Delightfully, the Wisconsin Federation of Stamp Clubs has a Boy Scout stamp collecting merit badge PowerPoint presentation available on its website. It follows, in order, the requirements from the merit badge book and thus introduces new philatelists to the hobby with ease.

I had enough stamps from which each of the boys were able to sort through and find everything they needed to complete the merit badge requirements. They just need to put their projects together. :)

Stamp Collecting & Exhibiting

My children and I have been avid stamp collectors for years and we have learned so much along the way. We got started in earnest shortly after we had moved to Redding, California and learned of a collector who wanted to pass on his collection of world stamps to a young child interested in learning about stamp collecting.

We reached out to him and spent an afternoon learning the ins and outs of philately. We discovered that philatelists collect a wide variety of different material – while many collect stamps from a single country, others collect stamps on a variety of topics, and others focus solely on cancellation marks. It really is very diverse!

stamp collectingStamp Collecting Championships

We soon discovered that thematic collecting was our preferred approach. Over the past five years, the kids and I have put together numerous exhibits to showcase stamps and philatelic material expressing our individual interests.

They have entered their exhibits in local shows in both California (NOVAPEX) and Oregon (SOPEX) as well as regional and national shows around the country. In doing so, they have met many wonderful people (dealers, other exhibitors, and judges).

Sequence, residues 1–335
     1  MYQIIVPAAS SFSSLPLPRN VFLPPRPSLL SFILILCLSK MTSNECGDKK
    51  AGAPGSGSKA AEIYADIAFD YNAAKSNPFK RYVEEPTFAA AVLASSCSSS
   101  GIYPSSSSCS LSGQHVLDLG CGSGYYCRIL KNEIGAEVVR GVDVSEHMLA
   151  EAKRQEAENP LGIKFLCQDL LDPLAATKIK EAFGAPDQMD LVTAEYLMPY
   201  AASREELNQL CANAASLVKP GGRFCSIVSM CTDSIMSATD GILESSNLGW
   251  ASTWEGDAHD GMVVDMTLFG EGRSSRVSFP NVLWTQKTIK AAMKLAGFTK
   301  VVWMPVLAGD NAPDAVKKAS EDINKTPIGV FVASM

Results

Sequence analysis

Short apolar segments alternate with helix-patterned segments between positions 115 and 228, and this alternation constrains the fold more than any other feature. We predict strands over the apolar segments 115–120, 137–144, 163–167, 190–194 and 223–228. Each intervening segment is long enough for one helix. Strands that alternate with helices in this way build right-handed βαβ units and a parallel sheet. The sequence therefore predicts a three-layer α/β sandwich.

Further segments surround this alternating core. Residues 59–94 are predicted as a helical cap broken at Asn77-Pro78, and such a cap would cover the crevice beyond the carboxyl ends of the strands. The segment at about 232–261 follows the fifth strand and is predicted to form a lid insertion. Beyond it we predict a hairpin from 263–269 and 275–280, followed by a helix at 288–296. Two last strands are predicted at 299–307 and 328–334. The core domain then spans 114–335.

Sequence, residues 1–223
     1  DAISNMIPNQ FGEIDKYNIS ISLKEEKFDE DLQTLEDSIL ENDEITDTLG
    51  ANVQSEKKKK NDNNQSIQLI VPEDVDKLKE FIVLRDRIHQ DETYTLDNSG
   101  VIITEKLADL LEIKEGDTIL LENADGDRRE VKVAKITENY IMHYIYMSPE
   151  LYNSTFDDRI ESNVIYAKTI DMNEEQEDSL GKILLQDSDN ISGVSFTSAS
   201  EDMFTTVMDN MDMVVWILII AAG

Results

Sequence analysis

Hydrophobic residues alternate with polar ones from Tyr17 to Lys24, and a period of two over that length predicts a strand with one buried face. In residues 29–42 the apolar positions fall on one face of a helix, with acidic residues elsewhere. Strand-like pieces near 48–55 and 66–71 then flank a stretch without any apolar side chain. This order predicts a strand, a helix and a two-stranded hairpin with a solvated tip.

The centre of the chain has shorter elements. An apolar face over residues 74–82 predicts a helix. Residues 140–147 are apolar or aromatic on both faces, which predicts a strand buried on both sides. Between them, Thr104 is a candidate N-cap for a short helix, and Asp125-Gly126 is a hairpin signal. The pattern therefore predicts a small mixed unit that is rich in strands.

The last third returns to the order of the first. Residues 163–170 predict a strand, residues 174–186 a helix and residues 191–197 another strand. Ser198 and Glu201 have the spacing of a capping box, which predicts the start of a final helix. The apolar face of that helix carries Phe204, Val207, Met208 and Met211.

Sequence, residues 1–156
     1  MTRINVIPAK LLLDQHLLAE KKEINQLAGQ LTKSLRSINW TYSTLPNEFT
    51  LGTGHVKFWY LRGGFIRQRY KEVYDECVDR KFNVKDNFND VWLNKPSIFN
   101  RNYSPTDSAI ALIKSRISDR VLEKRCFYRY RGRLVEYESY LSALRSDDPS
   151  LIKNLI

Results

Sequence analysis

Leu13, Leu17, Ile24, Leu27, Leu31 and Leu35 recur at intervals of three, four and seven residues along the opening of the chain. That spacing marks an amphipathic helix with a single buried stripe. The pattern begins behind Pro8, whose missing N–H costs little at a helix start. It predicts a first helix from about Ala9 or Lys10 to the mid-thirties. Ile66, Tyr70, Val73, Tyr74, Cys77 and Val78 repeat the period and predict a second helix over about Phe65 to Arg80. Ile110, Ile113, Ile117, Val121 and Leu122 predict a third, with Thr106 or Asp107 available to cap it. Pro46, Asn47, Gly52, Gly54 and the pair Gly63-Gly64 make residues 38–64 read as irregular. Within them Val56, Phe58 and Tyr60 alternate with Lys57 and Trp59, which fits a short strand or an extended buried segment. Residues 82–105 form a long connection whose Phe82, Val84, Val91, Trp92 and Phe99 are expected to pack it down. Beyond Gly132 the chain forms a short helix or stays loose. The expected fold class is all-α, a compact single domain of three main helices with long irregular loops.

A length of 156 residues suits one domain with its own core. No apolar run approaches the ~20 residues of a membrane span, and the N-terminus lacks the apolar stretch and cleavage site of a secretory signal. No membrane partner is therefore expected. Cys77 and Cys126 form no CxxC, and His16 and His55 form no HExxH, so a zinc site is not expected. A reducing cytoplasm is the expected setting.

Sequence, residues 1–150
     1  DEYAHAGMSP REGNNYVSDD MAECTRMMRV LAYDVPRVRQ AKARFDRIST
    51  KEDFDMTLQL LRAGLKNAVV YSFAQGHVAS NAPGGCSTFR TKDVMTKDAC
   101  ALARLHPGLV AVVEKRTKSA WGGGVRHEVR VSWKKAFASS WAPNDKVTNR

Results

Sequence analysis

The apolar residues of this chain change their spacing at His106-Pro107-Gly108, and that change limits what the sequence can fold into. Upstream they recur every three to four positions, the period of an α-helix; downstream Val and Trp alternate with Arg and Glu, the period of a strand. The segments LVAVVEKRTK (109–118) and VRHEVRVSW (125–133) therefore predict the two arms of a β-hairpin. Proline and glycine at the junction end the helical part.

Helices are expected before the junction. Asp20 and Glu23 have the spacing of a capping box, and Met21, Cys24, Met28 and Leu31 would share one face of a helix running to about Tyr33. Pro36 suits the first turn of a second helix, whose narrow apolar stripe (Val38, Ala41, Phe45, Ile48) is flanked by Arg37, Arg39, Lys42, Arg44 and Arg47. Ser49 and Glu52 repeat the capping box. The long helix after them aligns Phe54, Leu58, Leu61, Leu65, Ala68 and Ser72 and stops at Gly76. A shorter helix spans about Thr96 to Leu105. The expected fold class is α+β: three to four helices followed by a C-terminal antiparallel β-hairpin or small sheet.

Jeffrey’s Exhibits

  • Aeronautics
  • How the Engine Changed the World
  • Bridges of the World
  • Maersk Group*

Geneva’s Exhibits

  • Birds of the World*
  • Lunar New Year*
  • Mythologies of the World
  • Folkloric Mysteries of Harry Potter*

My Exhibits

  • All About Me
  • Mythology of the Moon
  • Phylum Insecta
*Denotes exhibits that have won a youth grand award at a nationally accredited show and thereby qualified for the AAPE Youth Champion of Champions competition. Maersk Group and Folkloric Mysteries of Harry Potter will be competing head to head in August along with numerous other youth exhibitors.

The Big Book of Homeschool Ideas by iHomeschool NetworkInterested in learning how to integrate stamps into your curriculum? My article, How to Use Postage Stamps for Learning, was published in the Big Book of Homeschool Ideas.

55 homeschool moms contributed to The Big Book of Homeschool Ideas. Providing you with inspiration and ideas that go beyond the basics of academics. Delve into delightful methods like active learning, learning with video games, using LEGO bricks for learning, teaching on the road, learning with movies, and gardening.

The eBook is available now for only $5.99.